Twitter has acquired a small startup called Fluther for its engineering talent, the microblog power said Dec. 21.
Pronounced like “mother,” Fluther offers a social question and answer service at Fluther.com, which will continue operating as a project independent of Twitter to serve its 1 million-plus monthly visitors.
Like services Quora, Hunch and Facebook Questions Google’s Aardvark, Fluther users ask questions to receive answers from humans instead of solely machines powered by algorithms. However, algorithms do determine the correct people to whom to forward a posed question.
These Q&A specialists have proven quite useful for journalists and niche-information seekers, but have yet to attract major mainstream interest the way social services Facebook and Twitter have.
While Fluther will live on, there will be no new development. Fluther co-founder and CEO Ben Finkel, co-founder and President Andrew McClain, and engineers Tim Trueman, Richard Henry, and Cameron Dutro are joining Twitter.
Twitter, whichbanked $200 million in funding led by Kleiner Perkins, Caulfield and Byers last week, declined to specify what the new talent would do.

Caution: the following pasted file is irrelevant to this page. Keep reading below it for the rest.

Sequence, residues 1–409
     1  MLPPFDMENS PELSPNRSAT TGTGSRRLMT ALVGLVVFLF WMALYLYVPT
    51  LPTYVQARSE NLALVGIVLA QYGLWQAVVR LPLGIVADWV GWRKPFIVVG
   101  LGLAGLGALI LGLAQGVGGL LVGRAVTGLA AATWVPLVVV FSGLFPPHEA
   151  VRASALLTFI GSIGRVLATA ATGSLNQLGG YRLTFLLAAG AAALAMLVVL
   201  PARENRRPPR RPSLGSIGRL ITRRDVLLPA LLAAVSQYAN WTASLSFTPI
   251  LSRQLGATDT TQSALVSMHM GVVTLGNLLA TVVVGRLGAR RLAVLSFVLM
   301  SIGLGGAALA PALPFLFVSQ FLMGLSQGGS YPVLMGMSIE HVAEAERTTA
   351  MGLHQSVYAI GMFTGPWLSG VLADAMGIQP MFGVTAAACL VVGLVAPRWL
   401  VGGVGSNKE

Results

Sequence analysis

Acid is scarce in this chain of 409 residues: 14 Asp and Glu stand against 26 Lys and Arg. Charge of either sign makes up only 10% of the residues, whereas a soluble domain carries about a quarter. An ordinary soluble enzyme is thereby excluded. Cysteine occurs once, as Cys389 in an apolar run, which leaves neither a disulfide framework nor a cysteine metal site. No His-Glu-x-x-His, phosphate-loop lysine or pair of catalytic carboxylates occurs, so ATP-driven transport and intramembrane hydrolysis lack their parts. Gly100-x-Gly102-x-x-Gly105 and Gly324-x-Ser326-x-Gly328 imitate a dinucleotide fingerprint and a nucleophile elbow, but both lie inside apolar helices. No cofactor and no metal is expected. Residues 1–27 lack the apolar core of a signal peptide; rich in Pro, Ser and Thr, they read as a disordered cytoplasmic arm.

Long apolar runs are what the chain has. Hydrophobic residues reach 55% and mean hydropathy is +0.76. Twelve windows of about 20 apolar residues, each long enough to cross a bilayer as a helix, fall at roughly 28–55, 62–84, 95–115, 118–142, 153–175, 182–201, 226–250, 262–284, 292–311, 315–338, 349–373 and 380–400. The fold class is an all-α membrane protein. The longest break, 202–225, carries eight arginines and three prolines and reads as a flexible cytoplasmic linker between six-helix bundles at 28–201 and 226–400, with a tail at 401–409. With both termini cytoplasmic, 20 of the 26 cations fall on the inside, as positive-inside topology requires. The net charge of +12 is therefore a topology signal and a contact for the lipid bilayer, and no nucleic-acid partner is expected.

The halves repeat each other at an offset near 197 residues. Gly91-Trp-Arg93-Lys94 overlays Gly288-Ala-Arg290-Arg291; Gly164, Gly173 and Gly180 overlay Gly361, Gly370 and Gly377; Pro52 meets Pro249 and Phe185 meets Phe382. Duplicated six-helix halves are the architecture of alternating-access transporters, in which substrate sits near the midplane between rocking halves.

The company did say the hires will “focus on helping users discover the most relevant content on Twitter.” That certainly sounds like a search-oriented product.
Presumably, they will work on building a Q&A or recommendation search service for Twitter, which has more than half of its employees in engineering and operations.
“During our conversations with Fluther’s team, we were continually impressed by their technical talent, entrepreneurial spirit, and much of the thinking behind the question-and-answer product they’ve spent the last couple of years building,” Twitter said in a blog post.
Finkel and McClain added in their own blog post:
“We love Twitter, and we think their wonderful culture and technology are a perfect match for our team. It’s the ideal place for us to keep building things that people love.